Hannah was just 12 when she first began her humanitarian journey, joining Localise Youth Volunteers in Swords in 2010. At 14, Hannah suggested a project with a local care home, organising cards, care packages and concerts for the 80 residents and 60 staff. The event is now in its 9th year.
As Chair of the Raising and Giving group in DCU, she set up dance classes for at-risk children, training sessions for Special Olympic Football teams in Ballymun and a fundraising week for Inner City Helping Homeless.
After being approached by the HSE in March 2020, NearForm, a software solutions company based in Waterford, set about setting up a Covid-19 contact tracing app.
The company had a working prototype of the app within ten days and it was launched in July, with over a quarter of Ireland’s population downloading it within the first 36 hours, making it one of the most successfully launched contact tracing apps in the world. NearForm supported the Irish Government and the HSE in donating the underlying code to the Linux Foundation Public Health, under the name COVID Green. This enabled other Public Health Authorities across the world to use it for free to build their own apps.
The Open Source Ventilator Ireland group was established in March 2020 in response to the perceived lack of critical medical equipment needed to treat patients who contracted Covid-19. The ventilator arm of the group produced a total of 21 conceptual ventilator designs. These concepts inspired and supported localised development groups around the world.
The non-ventilator arm of OSV was involved in producing and distributing thousands of face shields around Ireland, free of charge. Team OSV were also involved with a group of volunteer Irish motorcycle drivers who delivered emergency medical to hospitals, care homes and medical centres around Ireland.
The Irish Emergency Alliance (IEA) is made up of six registered charities working on international humanitarian emergency relief. The six members have programmes in 86 different countries across the world, giving the IEA a significant global presence and the ability to respond quickly to an emergency.
The IEA hopes to transform the way Irish people and Irish aid organisations respond to emergencies by working together to channel donations efficiently and effectively to where aid is needed most.
Based in Dublin, Syrian data scientist Suad is investigating the role of traditional media in the spread of negative messaging about refugees.
Suad is leading the Ireland chapter of an organisation called Techfugees. Her work is focused on highlighting the xenophobic messages about displaced people that can appear in traditional media. While social media is often blamed for the spread of hate speech, Suad believes that media outlets are also contributing to negative attitudes toward refugees, albeit in a less overt way than social media.
Ellen Ward is co-founder of Tech for Good Dublin, a group set up in 2017 that believes in the power of technology to positively impact people communities and the planet.
With a membership of more than 2,000 people, Tech for Good Dublin has a mission to ensure the positive impact of technology in our world today and tomorrow. Ellen has volunteered hundreds of hours of her time over the last three years to organising events and amplifying stories of people using technology for good and advocating for change.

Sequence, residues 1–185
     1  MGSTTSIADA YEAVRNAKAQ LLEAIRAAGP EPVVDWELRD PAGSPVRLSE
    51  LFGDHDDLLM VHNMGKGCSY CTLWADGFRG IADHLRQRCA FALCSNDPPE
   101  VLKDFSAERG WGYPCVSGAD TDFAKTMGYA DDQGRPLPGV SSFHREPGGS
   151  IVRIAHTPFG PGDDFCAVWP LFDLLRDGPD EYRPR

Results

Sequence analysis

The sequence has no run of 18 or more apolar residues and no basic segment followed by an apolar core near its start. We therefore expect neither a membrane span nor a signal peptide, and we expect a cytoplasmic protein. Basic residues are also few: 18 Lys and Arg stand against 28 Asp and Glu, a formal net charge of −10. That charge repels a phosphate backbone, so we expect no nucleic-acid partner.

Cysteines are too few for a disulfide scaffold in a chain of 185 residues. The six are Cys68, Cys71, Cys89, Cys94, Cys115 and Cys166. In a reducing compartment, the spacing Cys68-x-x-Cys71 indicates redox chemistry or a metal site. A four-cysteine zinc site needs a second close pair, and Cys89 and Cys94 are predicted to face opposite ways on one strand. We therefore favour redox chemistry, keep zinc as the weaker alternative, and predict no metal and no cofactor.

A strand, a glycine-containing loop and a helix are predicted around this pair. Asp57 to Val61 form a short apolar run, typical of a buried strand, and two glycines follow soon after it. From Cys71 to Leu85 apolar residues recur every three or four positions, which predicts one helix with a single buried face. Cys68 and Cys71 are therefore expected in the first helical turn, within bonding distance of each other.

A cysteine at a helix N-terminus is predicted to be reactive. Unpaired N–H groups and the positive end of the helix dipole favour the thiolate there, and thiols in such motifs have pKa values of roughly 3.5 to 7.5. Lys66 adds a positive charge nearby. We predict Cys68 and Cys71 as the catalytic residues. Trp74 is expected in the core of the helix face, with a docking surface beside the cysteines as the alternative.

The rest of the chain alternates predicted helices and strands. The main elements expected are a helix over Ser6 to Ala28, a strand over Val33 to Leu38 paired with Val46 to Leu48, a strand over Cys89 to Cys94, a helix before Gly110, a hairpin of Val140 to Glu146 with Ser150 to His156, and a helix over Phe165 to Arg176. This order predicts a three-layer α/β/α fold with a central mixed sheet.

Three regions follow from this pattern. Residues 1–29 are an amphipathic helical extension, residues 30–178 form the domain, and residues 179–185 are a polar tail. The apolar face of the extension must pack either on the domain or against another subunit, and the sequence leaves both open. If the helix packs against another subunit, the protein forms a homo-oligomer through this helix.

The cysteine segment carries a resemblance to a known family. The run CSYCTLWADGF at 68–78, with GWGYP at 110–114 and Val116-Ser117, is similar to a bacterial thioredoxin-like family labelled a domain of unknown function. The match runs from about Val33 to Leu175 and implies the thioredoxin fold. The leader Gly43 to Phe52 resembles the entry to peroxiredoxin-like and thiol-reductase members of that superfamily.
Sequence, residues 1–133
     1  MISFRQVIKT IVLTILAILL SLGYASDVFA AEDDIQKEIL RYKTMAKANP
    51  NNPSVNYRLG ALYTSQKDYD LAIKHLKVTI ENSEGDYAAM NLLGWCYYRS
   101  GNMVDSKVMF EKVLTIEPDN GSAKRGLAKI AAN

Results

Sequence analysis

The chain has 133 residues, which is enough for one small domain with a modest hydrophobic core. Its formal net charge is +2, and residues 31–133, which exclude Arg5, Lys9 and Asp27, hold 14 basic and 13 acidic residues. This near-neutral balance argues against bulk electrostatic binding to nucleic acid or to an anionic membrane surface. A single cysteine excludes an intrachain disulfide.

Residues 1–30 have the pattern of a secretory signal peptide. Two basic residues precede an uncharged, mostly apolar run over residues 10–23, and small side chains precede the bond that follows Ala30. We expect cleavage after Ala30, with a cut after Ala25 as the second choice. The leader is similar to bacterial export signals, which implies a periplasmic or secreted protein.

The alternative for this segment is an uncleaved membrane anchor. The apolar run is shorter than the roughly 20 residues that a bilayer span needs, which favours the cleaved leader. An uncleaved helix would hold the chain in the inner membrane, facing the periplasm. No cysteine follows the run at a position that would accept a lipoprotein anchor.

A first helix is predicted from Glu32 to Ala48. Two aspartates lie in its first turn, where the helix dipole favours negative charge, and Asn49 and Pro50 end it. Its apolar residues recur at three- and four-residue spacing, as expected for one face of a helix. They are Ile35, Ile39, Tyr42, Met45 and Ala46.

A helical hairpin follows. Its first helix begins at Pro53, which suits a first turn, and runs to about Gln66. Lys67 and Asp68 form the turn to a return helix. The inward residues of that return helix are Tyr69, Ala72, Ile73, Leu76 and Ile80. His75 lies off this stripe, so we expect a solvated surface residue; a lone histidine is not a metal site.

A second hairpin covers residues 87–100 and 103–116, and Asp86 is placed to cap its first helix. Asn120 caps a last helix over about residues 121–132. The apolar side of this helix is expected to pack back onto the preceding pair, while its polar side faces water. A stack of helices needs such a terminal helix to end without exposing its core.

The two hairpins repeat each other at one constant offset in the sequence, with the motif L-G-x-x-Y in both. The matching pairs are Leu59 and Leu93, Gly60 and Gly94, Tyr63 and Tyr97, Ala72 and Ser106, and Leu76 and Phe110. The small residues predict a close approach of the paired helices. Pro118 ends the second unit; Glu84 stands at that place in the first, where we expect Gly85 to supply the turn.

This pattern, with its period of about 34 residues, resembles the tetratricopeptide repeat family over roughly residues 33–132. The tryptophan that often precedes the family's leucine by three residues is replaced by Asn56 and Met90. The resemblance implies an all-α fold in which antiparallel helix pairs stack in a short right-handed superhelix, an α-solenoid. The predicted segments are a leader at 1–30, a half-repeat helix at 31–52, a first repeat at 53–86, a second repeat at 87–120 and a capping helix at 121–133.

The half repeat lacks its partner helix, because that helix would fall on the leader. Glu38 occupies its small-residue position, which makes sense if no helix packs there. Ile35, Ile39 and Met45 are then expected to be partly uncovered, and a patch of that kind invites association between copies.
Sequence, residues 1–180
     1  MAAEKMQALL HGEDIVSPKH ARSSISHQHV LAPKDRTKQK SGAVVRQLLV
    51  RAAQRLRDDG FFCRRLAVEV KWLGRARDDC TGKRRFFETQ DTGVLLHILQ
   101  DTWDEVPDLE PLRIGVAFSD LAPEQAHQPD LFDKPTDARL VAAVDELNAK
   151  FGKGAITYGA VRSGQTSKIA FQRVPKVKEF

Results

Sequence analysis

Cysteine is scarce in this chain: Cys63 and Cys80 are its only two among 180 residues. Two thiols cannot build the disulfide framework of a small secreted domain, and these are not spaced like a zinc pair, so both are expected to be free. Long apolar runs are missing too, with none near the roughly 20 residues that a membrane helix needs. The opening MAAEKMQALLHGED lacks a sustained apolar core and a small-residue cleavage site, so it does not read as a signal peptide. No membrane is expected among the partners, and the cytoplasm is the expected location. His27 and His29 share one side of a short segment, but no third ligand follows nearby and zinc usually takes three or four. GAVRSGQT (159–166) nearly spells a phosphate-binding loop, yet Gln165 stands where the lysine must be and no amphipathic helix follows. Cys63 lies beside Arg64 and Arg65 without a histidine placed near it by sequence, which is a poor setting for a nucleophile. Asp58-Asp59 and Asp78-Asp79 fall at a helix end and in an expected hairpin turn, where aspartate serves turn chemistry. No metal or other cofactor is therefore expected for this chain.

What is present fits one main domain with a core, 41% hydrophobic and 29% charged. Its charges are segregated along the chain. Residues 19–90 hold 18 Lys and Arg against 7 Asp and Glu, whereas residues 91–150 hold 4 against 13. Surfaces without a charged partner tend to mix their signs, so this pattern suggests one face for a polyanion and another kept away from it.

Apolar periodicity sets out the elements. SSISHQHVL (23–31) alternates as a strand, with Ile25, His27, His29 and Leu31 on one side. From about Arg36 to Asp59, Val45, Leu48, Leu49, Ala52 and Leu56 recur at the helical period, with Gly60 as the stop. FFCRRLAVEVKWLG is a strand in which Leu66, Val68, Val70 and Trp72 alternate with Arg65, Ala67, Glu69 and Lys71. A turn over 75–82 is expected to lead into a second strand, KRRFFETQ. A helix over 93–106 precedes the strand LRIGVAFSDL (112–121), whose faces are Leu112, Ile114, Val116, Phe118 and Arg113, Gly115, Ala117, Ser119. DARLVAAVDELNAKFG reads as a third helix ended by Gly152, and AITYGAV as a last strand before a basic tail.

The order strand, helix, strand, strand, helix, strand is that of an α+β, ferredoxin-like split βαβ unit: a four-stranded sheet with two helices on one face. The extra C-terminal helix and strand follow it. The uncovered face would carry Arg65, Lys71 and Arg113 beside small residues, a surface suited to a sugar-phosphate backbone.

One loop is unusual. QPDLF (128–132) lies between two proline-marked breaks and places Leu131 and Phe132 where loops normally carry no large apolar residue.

AgriKids is a farm safety education platform with the ethos to engage, educate and empower children to be farm safety ambassadors.
In 2014, Ireland’s worst year on record for farm safety, Alma decided there needed to be a new approach to farm safety awareness. She wanted to positively engage, educate and empower young children so they could be safe on farms or when out enjoying the countryside.
AgriKids has developed classroom resources, storybooks and a gaming app to educate children about farm safety.
Nestlé Ireland provides all of its surplus food to FoodCloud. Since 2018 they have contributed 90,000 meals to the social enterprise, which supports families in need. The have also supported FoodCloud with an investment of €110,000 for a pilot project to address food poverty as a result of Covid-19.
At its factory in Limerick, Nestlé Wyeth Nutritonals was one of the first companies to support the All-Ireland Pollinator Plan, creating a c1,800 square metre butterfly meadow and insect hotel, as well as planting over 1,900 native woodland trees. Globally, Nestlé has pledged to make 100% of their packaging recyclable or reusable by 2025 and is investing almost €2 billion to support this commitment.
The Irish Dairy Farming Industry, through their milk processors and the umbrella organisation of Co-Ops, ICOS, organised a campaign where the value of the milk from one cow for a day was donated to a fund for humanitarian aid in Yemen. The equivalent of €10 from each of the fifteen thousand dairy farmers in Ireland was collected.
Approximately €150,000 was raised by the Irish Dairy Farmers for the Yemen appeal but the fundraising also created awareness about the humanitarian issues that are ongoing in Yemen. The media attention from the appeal led to further donations from non-dairy farmers.
Recognising that match day can be daunting for people with sensory issues, Aviva Ireland launched their sensory hub, in a bid to make the Aviva stadium more inclusive. Launched in January, the Aviva sensory hub is a multi-sensory space for both children and adults and can adapt to the individual needs of each user.
When the Covid-19 pandemic hit Ireland, Aviva Ireland decided to use the knowledge they gained from the sensory hub to continue to help the Autism community. By working closely with Autism charity AsIAm, they partnered to create 1000 back to school activity packs that offered toys and items that supported a range of different sensory issues. These packs would act as a tool for supporting parents and children who were going back to school after an extended period of being home-schooled due to Covid-19.